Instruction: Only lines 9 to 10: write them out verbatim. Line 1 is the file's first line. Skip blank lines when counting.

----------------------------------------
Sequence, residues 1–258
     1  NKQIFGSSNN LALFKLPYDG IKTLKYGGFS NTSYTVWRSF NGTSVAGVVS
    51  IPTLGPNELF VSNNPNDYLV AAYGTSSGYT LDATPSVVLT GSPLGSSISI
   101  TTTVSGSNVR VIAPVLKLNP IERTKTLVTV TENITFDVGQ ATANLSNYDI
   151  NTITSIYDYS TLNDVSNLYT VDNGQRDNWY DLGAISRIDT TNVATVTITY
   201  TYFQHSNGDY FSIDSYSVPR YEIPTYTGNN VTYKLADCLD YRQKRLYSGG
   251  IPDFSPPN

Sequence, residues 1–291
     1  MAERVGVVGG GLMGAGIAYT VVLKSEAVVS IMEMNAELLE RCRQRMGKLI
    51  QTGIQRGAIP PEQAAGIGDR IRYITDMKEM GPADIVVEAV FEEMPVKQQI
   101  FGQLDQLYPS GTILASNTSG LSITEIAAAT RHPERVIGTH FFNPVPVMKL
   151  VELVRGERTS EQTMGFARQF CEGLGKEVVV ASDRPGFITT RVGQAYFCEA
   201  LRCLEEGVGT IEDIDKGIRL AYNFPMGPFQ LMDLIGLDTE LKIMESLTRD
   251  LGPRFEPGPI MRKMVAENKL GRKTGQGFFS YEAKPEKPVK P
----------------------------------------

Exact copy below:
     1  MAERVGVVGG GLMGAGIAYT VVLKSEAVVS IMEMNAELLE RCRQRMGKLI
    51  QTGIQRGAIP PEQAAGIGDR IRYITDMKEM GPADIVVEAV FEEMPVKQQI